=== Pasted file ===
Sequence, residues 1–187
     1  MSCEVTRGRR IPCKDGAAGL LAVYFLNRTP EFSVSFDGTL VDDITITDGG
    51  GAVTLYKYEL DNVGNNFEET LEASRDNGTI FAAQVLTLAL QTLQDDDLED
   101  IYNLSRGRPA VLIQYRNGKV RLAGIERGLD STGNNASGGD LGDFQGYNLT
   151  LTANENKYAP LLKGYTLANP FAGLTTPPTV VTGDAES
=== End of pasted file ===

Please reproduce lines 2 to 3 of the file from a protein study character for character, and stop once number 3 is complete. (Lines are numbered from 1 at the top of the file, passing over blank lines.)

     1  MSCEVTRGRR IPCKDGAAGL LAVYFLNRTP EFSVSFDGTL VDDITITDGG
    51  GAVTLYKYEL DNVGNNFEET LEASRDNGTI FAAQVLTLAL QTLQDDDLED